Before this month is over, I think I will know the men and women of the hall of faith in Hebrews 11 better than I know my own family. From Sunday sermons to Sunday school lessons to Beth Moore’s Believing God study, the faitful men and women of the Old Testament have come to life.
I’ve been thinking it for a while, so I’m just going to come out and say it. The lives of the men and women of the Old Testament are not the vehicle I would have chosen to study in Beth Moore’s chapters “Believing You are Who God Says You Are” and “Believing You Can Do All Things through Chist.” No, I would have chosen verses that speak to being a child of God and co-heirs with Christ (Romans 8 ) or verses that speak to the power I have in Christ (Philippians 4) and the fact that his strength is made perfect in my weakness (2 Corinthians 12). But, Beth Moore being who she is, and me being who I am, I am studying the men and women of Hebrews 11 and loving every minute of it.
I am not sure what these men and women of old knew of the cross, but they certainly knew of Jesus and were saved by their faith. In the face of adversity and what appeared often times to be the inevitable end of the line for the promise(s) God had made to them, they all persevered and held tight to the promises God had made.
Often times it’s the very thing that seems to allude them the longest that keeps them going, keeps them trusting in God. For Noah, a righteous man who found favor in the eyes of the Lord, it was the promise that God would fulfill his purposes for all his descendents and would not destroy the earth by flood again; for Abraham, it was the promise of land and of heirs, both of which seemed impossible at his age; for Moses, it was the Promised Land, the land of milk and honey, the land he risked everything he had to lead his people to it.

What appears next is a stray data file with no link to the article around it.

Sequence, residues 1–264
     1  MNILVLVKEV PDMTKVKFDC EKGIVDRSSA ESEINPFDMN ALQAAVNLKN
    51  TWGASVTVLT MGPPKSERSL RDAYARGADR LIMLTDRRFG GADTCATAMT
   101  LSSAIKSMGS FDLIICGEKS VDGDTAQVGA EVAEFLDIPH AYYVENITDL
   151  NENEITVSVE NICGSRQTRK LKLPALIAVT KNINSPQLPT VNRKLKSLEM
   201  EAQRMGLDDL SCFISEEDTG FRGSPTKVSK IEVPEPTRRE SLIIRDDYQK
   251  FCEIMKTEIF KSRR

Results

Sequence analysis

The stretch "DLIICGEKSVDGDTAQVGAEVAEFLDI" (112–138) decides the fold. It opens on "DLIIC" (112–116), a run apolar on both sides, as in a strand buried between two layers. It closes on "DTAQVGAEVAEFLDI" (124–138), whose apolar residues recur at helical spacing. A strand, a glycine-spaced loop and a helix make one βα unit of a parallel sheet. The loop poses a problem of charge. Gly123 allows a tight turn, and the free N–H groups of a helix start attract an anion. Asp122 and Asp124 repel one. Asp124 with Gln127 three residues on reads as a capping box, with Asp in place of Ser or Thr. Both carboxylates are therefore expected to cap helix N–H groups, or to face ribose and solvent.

And in the end, God’s promise was fulfilled but the individuals all died having not quite received the full measure of what had been promised. According to Hebrews 11:13, “All these people were still living by faith when they died. They did not receive the things promised; they only saw them and welcomed them from a distance.”
How many times do we give up when life starts to get hard? How many times do we question God when things don’t go our way or wonder whether what we were sure was the voice of God might have been our own voice instead?
These questions are not just for you; they are for me as well. In this microwave world in which we live, with high-speed internet and pretty much everything we want at the push of a button, have we lost all capacity to know what perseverance is?
When was the last time you persevered? When was the last time I persevered? Too long ago to remember, or at least haphazard enough that it was not really perseverance at all but more like blind luck.
I turn to wisdom not my own
For every battle You have known.
My confidence will rest in You;
Your love endures; Your ways are good.
When I am weary with the cost,
I see the triumph of the cross;
So in its shadow I shall run
Till He completes the work begun.
~ When Trials Come
by Keith and Kristyn Getty
God will complete the work he has begun, but you and I might not be around to see it in its full measure.
What promise from God are you willing to live your whole life for knowing God will grant it even if you are “still living by faith when you die” and might only welcome it from a distance?
Not that I have already obtained all this, or have already been made perfect, but I press on to take hold of that for which Christ Jesus took hold of me … Forgetting what is behind and straining toward what is ahead, I press on toward the goal to win the prize for which God has called me heavenward in Christ Jesus. (Phil 3:12-14)
Yours for the celebration of life,